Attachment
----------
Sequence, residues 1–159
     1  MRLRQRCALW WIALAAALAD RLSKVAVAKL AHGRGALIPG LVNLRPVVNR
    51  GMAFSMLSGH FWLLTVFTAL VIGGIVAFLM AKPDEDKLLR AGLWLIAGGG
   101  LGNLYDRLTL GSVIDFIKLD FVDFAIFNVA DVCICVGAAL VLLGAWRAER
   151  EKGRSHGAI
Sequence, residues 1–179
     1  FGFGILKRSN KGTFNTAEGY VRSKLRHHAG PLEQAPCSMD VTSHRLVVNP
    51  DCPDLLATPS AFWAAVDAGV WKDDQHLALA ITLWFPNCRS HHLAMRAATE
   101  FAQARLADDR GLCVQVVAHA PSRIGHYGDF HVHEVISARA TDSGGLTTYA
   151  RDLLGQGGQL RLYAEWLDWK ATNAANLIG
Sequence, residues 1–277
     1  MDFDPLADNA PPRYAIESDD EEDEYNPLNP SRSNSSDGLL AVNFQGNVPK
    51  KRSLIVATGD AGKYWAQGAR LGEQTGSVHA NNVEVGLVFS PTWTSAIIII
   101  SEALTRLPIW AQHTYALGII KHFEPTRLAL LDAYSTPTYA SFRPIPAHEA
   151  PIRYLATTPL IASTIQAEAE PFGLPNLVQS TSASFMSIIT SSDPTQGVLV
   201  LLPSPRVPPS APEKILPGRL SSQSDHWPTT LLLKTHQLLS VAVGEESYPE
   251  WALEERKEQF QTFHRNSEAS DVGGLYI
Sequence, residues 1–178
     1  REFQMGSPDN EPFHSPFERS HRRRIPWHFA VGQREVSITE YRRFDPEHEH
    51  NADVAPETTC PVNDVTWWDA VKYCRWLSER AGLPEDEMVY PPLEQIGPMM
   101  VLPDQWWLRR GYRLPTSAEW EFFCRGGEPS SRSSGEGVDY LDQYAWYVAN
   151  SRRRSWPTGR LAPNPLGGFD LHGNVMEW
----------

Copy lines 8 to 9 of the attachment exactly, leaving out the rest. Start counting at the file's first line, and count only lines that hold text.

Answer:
    51  DCPDLLATPS AFWAAVDAGV WKDDQHLALA ITLWFPNCRS HHLAMRAATE
   101  FAQARLADDR GLCVQVVAHA PSRIGHYGDF HVHEVISARA TDSGGLTTYA